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New Douglas, Illinois, Newspaper Clippings

Madison County ILGenWeb Coordinator - Beverly Bauser




Source: Alton Weekly Telegraph, September 17, 1874
Edwardsville News - Last Thursday night the store of Wesley Reaves in New Douglas was entered by burglars, and about five or six hundred dollars’ worth of goods stolen. An entrance was effected by boring augur holes through the back door and removing the bolt with which it was fastened. Suspicion at once rested upon a man who had arrived in town late in the evening previous, and who had departed during the night. He was traveling in a one-horse buggy, and owing to some peculiarity in the shoes with which his horse was shod, but little difficulty was experienced in tracking him. He returned through Alhambra, where it was ascertained he had taken dinner the day before, and thence by Hamel's corner to Balser Heinemann's, a saloon and tavern on the Hillsboro Road, two miles from this city [Edwardsville]. It was previously discovered that he had left the road in a circuitous manner in Silver Creek timber, and packed and tied up such of the goods as suited him best, and destroyed a quantity of others by burning them, a few remnants of which partially burned, and some paper boxes with Mr. Reaves' mark upon them being found there. He was arrested at Heinemann's by Charles Borman, constable, living at Hamel, and taken back to New Douglas before Martin Jones, a Justice of the Peace, who upon hearing the testimony, committed him to the county jail in default of seven hundred dollars bail. He gave his name as R. R. Johnston, and had a good horse and buggy and a small carpet sack containing several dozen patent glass cutters, which he had been peddling, using in payment of traveling expenses, &c., and also a revolver. The goods recovered from him and identified by Mr. Reaves were valued at about four hundred dollars, and are sufficient to send him up, but as his bail is small, he may have friends able to assist him. He says his mother lives at Rocksprings, St. Louis County, Missouri. The horse and buggy have been attached by Mr. Reaves with a view of partial compensation for expenses and unrecovered goods.

Tobias Reaves, a native of North Carolina, came to Madison County in 1828, and bought property from a man named Ringo. The Methodists held their early meeting in the Reaves home. He died at his son’s (Wesley Reaves) home in New Douglas, in October 1876, and is buried in the Reaves Burial Ground in Alhambra, Illinois. Tobias’ wife, Nancy Monroe Reaves (December 17-1791 – August 21, 1861), died preceded him. By 1882, Wesley Reaves was the only one of the family residing in the county.

Other children of Tobias and Nancy Reaves include: Thomas Reaves (1818-1835); Wiley Green Reaves (1822-1863); Martha Ann Reaves Cornelison (1822-1901); Randall Reaves (1823-?); Louisa Jane Reaves Hammer (1830-1895); Nancy E. Reaves (1833-1838); and Tobias Reaves Jr. (1839-?).

Wesley Reaves opened a dry goods store and hotel in New Douglas. He died in 1903 while visiting his son in Kansas City, at the age of 76, leaving a widow and nine children.


Source: Alton Telegraph, May 10, 1883
From Edwardsville – Your correspondent availed himself of the opportunity afforded by a special train over the Narrow Gauge Railroad last Sunday, and visited the thriving and prosperous village of New Douglas. It was not a day for business, although it was clear and beautiful, but we met several of the prominent citizens of that place, among whom were Wesley Reaves, the veteran hotel keeper of the village; Abram Allen, ex-Supervisor and proprietor of one of the new additions to the village, who occupies an elegant two-story brick house opposite the park; Supervisor Long and his late opponent for the office, Mr. Thomas Reaves; also, Mr. Foster, an old resident; Dr. Dusenbury; Mr. Prenger, the proprietor of the fine new mill; and many others. From conversation with some of these gentlemen, and from what was visible to the eye, we learned that real estate was on a “boom” there. Prices for eligible lots in the south part of town, towards the railroad, rule high.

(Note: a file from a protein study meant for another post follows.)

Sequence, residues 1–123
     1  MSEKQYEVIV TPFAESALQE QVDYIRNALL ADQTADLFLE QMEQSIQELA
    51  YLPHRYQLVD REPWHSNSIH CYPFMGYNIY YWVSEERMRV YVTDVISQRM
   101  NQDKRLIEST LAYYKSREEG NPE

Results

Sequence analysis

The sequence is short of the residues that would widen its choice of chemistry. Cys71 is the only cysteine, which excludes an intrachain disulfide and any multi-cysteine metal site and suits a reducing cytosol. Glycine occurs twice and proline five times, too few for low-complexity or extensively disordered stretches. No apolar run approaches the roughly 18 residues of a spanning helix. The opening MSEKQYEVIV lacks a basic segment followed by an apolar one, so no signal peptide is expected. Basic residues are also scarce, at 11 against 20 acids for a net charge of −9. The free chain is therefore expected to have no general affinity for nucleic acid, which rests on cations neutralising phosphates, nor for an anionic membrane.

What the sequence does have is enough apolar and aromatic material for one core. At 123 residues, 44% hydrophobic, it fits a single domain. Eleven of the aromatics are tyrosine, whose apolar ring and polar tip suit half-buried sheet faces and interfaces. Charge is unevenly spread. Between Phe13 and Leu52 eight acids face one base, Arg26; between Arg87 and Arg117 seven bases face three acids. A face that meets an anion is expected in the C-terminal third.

We failed to see Mr. Brewer, publisher of the New Douglas News, but were fortunate in meeting his right bower, Charlie Kienlein, formerly of the Intelligencer office in Edwardsville, who does the principal part of the press work. Mr. Ed Crane, another Edwardsville artist, is also there, helping to beautify New Douglas, in the capacity of a house and sign painter.


Source: Alton Telegraph, February 1, 1900
Tuesday night Olive's store at New Douglas was burglarized. This morning two men entered Edwardsville and raised a disturbance, and when City Marshal Barnsback attempted to arrest them, they whipped out two brand new Colt's revolvers and struck the marshal on the head. They then started in the direction of Glen Carbon. At that place they were headed off by a crowd of people. One succeeded in getting away. The other was captured by Night Policeman Moriarty, and he placed the prisoner in the keeping of a man named Webber. While Webber was holding the desperado, a blast of wind blew the policeman's hat off, and in an effort to catch his hat, his hold was loosened on the prisoner, when the latter suddenly pulled a Colt's revolver from his pocket and brandished it in the faces of the men surrounding him, and made a dash for liberty, escaping from his captors. Chase was immediately given. The country was being scoured in all directions for the men. It is believed that these two desperados were the men who burglarized Olive's store at New Douglas, and that the weapons were taken from the store. They were too heavily armed for their captors to hold. At the time City Marshal Barnsback arrested the two men in that town, he had not heard of the burglary at New Douglas, but made the arrest for a disturbance in the county seat.


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